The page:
The Government Accountability Office warned in a report Monday that if cuts are not made to mandatory spending — including Social Security and Medicare — there will be a fundamental gap between spending and revenue as more baby boomers retire.
“Significant actions to change the long-term fiscal path must be taken,” the GAO warned.
The report was released amid heated debates between the president and congressional Republicans trying to hammer out a deal over taxes and spending. If no deal is reached, taxes go up and major spending is cut.
The GAO warned that discretionary spending is not the crux of the problem. “Discretionary spending limits [which includes defense spending] alone do not address the fundamental imbalance between estimated revenue and spending, which is driven largely by the aging of the population and rising health care costs.”
While allowing the drastic fiscal tightening to occur will probably result in a disruption in economic growth, avoiding the cliff “would lead to higher debt over the long term.”
“[T]he whole notion that federal cuts is going to push us into recession is nonsense,” Cato Institute budget policy expert Tad Dehaven told The Daily Caller News Foundation. “All that money that the federal government spends was taken or borrowed out of the economy to begin with.”
“I think the focus should be on long term growth and that’s getting the federal spending under control,” Dehaven added.
Warnings like this, along with ones from the Congressional Budget Office and the Federal Reserve Bank, are contradicted by liberals who deny the insolvency of entitlement programs.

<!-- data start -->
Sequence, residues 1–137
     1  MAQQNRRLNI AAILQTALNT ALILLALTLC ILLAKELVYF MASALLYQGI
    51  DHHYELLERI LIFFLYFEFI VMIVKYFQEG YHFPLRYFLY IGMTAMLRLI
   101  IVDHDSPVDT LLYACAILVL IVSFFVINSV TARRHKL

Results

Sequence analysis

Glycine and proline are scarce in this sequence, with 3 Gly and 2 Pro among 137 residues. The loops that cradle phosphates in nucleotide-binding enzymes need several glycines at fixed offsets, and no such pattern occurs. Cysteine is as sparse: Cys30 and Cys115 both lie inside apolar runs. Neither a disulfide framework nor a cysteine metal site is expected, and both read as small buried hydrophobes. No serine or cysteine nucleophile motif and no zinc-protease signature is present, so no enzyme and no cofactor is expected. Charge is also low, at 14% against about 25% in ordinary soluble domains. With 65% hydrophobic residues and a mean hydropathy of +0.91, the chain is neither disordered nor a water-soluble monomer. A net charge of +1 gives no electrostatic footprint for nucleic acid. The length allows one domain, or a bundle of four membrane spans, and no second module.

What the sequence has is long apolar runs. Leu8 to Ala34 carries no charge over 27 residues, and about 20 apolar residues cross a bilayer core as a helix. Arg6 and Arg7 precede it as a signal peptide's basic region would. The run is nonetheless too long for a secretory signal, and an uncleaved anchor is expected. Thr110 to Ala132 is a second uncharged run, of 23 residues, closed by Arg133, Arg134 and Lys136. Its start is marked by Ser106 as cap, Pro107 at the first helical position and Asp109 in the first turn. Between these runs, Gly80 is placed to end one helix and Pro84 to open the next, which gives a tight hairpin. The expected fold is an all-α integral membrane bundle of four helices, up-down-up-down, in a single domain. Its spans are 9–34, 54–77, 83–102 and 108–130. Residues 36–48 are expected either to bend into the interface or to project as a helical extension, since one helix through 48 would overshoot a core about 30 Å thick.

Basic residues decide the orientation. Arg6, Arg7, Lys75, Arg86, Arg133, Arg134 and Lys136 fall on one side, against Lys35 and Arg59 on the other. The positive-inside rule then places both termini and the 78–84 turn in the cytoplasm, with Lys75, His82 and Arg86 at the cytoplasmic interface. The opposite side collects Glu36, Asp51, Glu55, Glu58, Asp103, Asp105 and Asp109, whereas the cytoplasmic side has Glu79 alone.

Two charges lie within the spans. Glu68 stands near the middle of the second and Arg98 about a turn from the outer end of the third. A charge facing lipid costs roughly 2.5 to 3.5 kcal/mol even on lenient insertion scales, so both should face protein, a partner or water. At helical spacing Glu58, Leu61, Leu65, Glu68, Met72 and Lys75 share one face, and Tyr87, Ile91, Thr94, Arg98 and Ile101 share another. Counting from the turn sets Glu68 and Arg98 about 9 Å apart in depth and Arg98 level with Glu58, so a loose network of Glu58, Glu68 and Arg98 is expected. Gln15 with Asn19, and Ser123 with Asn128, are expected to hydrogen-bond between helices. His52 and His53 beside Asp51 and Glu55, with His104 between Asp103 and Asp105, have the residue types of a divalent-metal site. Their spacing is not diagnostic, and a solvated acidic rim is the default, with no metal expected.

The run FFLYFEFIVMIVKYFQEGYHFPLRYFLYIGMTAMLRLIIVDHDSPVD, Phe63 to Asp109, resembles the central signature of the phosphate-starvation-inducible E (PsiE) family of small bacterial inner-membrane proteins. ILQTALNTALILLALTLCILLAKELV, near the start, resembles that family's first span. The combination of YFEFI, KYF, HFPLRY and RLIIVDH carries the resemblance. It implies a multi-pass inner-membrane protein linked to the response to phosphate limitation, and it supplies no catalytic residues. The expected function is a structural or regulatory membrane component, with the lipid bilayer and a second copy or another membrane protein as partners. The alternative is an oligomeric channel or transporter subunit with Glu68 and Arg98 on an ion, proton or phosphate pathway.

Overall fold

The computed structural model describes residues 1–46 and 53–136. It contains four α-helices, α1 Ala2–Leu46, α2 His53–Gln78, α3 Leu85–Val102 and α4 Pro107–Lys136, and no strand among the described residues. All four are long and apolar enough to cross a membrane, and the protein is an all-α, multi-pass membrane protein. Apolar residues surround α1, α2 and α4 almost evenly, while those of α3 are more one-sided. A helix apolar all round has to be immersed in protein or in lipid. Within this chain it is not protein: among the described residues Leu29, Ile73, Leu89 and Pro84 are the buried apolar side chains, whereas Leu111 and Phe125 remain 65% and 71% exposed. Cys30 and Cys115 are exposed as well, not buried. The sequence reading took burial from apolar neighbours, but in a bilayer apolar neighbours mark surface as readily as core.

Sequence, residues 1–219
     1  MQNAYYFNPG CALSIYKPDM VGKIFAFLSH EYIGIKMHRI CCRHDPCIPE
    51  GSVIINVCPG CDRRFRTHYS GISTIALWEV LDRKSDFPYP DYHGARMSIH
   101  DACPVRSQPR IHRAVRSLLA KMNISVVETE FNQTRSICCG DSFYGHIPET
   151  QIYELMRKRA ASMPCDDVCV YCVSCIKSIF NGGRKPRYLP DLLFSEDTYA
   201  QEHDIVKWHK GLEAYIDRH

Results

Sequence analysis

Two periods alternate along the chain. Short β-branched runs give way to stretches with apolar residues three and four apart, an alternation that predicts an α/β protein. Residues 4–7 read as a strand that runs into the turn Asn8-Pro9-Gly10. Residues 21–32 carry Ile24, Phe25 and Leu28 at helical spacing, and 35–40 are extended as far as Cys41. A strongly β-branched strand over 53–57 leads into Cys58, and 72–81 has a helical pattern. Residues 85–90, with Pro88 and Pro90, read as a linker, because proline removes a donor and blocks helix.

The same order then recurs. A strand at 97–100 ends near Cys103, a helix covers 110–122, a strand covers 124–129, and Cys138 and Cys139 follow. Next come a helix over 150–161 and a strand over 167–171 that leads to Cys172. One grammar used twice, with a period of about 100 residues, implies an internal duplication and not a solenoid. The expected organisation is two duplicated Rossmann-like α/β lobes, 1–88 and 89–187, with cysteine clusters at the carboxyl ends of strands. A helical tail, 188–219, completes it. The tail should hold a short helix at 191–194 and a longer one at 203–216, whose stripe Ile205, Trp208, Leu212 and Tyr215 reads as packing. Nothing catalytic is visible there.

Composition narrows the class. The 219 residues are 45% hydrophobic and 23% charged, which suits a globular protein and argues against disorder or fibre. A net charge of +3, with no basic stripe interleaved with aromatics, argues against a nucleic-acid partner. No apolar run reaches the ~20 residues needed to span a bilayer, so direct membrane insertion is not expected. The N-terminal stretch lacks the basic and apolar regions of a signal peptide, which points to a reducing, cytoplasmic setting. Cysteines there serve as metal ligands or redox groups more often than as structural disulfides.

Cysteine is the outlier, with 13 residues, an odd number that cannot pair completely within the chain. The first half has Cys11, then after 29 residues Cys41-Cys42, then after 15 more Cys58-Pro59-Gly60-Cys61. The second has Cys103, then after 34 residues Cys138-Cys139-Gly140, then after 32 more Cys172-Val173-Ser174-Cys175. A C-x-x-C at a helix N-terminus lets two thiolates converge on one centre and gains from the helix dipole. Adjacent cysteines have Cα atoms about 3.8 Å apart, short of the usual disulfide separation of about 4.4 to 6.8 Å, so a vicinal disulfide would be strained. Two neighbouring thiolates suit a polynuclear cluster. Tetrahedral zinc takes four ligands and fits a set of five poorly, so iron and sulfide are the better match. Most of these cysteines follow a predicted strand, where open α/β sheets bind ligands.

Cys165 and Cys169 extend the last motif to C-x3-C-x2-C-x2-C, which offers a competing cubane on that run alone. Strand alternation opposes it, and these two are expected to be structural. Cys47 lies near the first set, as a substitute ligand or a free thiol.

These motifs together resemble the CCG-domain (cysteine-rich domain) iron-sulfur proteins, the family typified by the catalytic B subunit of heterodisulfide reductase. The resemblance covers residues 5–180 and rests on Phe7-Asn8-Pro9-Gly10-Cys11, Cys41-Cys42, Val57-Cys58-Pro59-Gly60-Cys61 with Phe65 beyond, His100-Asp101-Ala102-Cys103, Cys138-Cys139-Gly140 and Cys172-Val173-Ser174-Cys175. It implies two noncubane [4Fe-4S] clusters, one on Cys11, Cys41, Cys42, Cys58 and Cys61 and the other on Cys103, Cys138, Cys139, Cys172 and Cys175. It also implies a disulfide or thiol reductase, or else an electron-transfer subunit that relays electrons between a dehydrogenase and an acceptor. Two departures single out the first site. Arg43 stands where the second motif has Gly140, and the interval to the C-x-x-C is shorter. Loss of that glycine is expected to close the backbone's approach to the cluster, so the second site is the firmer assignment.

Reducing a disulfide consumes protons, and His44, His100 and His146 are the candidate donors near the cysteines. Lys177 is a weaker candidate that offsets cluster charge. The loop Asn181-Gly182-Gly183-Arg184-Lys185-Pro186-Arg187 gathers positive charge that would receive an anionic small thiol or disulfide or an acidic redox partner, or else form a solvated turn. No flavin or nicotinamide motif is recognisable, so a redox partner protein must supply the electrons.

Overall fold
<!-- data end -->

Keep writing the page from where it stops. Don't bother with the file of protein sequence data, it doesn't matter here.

Illinois Democratic Sen. Richard Durbin recently commented that “Social Security does not add one penny to our debt,” in an attempt to leave the entitlement program off of the debate table. The statement is false..
“[S]pending for the major health and retirement programs will increase in coming decades, putting greater pressure on the rest of the federal budget,” the GAO study pointed out, attributing this trend to an aging population.
While the country may indeed fall off the fiscal cliff, economists note that that alone will not put the country on a sustainable fiscal path.
“We have roughly $3 trillion, with more than $1 trillion deficit. Piling that up with $14 trillion accumulated debt in a more than $60 trillion dollar world economy, more fundamental reforms are necessary,” Benjamin Powell, associate professor at Suffolk University and senior fellow with the Independent Institute, told TheDC News Foundation.
“If you want to talk about radical,” Powell added, “you could end the budget deficit tomorrow, by going back to the level of spending in inflation-adjusted terms that’s equal to Cinton’s last year in office.”
“It’s very doable, it’s just that the politicians don’t have the political will to do it,” Powell concluded.
Dehaven seemed to agree with this sentiment.
“Politicians generally think in terms of short term, not long term, therefore, not surprisingly, the focus has been on the short term concern.”
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